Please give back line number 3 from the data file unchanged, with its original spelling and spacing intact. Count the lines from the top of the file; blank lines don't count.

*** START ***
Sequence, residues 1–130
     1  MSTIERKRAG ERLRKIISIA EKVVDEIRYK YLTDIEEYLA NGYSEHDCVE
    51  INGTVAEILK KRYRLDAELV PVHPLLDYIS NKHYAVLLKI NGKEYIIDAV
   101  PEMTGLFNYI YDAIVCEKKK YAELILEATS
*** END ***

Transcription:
    51  INGTVAEILK KRYRLDAELV PVHPLLDYIS NKHYAVLLKI NGKEYIIDAV